Keeping Amazon Honest On Lost Inbound

Amazon just looses my stuff. Always, each item is scanned, counted, and confirmed at the initial FC to which I ship, and then, on FC transfer, entire cartons of 48 units, or lesser numbers of “loose” units are lost.

Somehow, Amazon wants to claim “We have no record of receipt”, when their own inventory ledger certainly does, so it costs me time and effort to “open a case”, supply packing lists, cut and paste from the inventory ledger to show them that the loss was internal to Amazon, and follow up when the reply is non-responsive boilerplate.

But how to account for it all? When reimbursement is made, some of it is paid in cash, and some of it is in “found” products… but the “adjustments” are not flagged as to the shipment to which they are credited, or the reimbursement to which they are related. Does anyone have a tool to pull the reports and sort the mess out, or do I have to audit all this with spreadsheets? It’s a significant issue - they’ve lost over 1300 units since May 2023, and its only August.

And what happens when they find all these missing units? Are they going to charge me for storage on stuff they could not find? :wink:

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FBA has its pros and cons this just happens to be one of the major flaws. You will most likely get charged, I’ve been fighting a battle with a shipment in FC transfer for over a year that I still pay LT storage for. Like all things “Amazon” they will never admit fault, the left hand doesn’t know what the right hand is doing.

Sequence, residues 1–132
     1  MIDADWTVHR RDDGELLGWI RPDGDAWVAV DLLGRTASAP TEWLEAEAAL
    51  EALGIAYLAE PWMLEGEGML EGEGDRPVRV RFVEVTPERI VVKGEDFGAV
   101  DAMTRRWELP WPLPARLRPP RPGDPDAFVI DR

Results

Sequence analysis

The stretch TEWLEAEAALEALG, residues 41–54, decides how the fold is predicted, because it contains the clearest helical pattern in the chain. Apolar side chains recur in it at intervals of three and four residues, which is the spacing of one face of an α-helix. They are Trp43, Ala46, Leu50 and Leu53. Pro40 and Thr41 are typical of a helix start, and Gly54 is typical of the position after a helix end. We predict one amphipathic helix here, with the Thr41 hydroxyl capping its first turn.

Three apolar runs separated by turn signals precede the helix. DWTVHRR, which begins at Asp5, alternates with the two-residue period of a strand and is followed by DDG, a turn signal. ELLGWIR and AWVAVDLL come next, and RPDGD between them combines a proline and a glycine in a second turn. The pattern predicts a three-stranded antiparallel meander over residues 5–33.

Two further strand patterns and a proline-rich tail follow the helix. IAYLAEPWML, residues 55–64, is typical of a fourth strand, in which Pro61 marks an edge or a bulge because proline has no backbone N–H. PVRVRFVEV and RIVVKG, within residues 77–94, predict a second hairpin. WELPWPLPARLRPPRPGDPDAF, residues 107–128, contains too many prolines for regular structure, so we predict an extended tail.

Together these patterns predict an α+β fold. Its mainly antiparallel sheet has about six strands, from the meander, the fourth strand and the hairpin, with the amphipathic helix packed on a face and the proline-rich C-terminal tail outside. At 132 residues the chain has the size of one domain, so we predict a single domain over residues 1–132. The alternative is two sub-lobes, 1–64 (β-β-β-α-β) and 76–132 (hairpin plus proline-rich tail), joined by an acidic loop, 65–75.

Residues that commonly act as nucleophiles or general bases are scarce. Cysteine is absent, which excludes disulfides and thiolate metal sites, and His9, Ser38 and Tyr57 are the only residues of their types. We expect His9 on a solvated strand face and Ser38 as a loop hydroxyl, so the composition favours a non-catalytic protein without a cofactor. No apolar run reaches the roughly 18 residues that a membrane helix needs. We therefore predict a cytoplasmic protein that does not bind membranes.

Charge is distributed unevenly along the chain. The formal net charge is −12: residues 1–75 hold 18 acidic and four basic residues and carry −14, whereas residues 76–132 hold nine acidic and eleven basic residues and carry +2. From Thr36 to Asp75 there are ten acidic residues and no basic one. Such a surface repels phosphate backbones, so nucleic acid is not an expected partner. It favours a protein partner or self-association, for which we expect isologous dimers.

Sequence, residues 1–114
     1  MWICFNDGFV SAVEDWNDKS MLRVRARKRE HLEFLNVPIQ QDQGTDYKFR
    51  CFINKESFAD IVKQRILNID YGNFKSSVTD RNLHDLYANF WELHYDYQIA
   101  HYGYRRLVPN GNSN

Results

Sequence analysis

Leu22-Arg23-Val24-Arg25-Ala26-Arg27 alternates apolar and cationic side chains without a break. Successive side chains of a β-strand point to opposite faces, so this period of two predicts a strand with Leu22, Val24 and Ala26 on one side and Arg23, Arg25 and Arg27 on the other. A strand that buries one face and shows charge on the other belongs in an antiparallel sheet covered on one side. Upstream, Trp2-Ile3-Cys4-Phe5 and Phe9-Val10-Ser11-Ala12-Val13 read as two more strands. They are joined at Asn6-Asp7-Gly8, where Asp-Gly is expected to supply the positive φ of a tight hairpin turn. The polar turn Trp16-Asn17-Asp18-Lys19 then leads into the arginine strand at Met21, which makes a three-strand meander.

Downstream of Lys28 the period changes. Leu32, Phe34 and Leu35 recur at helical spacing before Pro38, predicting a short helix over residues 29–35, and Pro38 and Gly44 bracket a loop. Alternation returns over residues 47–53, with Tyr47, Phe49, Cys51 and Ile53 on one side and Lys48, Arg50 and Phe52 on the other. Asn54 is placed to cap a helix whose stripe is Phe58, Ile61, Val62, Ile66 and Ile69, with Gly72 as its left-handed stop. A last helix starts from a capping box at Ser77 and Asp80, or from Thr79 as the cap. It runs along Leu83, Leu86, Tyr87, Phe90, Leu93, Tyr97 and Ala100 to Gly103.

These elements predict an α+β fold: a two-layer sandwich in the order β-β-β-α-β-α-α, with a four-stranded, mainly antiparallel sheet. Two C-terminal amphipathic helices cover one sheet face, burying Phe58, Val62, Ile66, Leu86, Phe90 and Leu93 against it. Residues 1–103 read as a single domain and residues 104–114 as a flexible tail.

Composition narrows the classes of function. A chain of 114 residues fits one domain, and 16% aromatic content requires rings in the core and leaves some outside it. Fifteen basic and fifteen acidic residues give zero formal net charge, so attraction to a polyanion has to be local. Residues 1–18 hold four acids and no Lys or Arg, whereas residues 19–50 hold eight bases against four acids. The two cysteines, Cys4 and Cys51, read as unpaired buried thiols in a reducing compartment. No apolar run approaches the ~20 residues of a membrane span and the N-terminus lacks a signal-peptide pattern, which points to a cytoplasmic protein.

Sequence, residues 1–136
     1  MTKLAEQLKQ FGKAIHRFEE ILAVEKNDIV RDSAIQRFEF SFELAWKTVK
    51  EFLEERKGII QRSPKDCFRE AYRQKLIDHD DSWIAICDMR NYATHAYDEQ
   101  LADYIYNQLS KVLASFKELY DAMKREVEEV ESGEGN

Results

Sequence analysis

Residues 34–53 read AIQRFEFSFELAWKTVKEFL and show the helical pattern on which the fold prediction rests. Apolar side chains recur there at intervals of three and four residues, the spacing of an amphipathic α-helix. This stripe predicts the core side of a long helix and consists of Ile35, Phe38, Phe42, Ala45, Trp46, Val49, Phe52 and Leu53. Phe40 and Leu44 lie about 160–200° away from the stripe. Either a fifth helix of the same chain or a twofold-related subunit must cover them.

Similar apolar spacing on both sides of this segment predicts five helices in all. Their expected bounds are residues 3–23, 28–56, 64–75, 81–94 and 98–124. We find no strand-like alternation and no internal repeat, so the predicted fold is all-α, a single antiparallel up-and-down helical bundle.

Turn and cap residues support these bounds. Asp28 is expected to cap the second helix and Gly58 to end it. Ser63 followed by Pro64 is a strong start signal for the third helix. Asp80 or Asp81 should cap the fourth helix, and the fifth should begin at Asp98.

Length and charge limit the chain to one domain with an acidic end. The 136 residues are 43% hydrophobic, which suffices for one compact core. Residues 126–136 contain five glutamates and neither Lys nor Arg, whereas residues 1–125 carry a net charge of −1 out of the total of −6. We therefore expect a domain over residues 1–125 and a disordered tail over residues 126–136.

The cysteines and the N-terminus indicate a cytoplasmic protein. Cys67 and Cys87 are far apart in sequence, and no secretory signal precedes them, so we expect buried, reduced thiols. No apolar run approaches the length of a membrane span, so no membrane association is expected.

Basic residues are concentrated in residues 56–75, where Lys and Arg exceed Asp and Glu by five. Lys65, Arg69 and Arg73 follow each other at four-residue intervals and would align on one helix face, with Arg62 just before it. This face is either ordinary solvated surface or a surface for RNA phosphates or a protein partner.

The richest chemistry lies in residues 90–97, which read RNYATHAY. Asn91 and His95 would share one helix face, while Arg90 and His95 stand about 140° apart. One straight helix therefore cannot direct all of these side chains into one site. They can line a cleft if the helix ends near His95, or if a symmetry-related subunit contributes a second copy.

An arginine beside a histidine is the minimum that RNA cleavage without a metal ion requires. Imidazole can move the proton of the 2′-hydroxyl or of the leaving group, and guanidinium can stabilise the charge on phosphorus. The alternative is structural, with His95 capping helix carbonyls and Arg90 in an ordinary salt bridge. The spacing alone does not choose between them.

With reimbursements I get paid whatever Amazon deems its worth and then months to years later take it away because inventory was found but then damaged and sent back to me. You can’t “win” you just need to factor it into your margins. Sorry for your lost units but that’s the gamble we play when you use FBA.


Hold on, I get paid what I would have made if the item sold if Amazon loses it. If they later find it, and it is damaged, then they can’t claw back the reimbursement, as I also get paid the same amount if they damage a unit. So its all the same, except for the issue of storage if they find this very seasonal spring/summer product in the slow season, winter.

In a perfect world maybe. If you are the only seller and you maintained a price for an very extended time, sure. There has been countless times a reimbursement has been clawed back, put back into inventory shipped to a customer who says it is broken. From my experiences Amazon does not often admit damage was their fault. I should have prepped it better or known the UPS/Amazon driver wanted to play soccer with the mailer bag they put my product in.


That’s not much of an exaggeration - UPS sorting centers have conveyor belts, and arms that push boxes off those conveyor belts onto lower ones after a bar code is read to “route” the package. The idea is to get all the packages sorted and onto the correct truck, and the distance a package falls between the conveyor belts is between 3 and 6 feet. Multiple drops are required to sort any one package.

I’ve been in the Manhattan sorting center, and there’s a good reason it is 6 stories high - they fit miles of belts and chutes and other Rube Goldberg contraptions into the place.